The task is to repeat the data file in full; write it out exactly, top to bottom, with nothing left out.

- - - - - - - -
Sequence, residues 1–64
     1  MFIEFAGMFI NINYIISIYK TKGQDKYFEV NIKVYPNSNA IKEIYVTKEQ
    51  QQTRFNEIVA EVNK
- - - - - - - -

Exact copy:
Sequence, residues 1–64
     1  MFIEFAGMFI NINYIISIYK TKGQDKYFEV NIKVYPNSNA IKEIYVTKEQ
    51  QQTRFNEIVA EVNK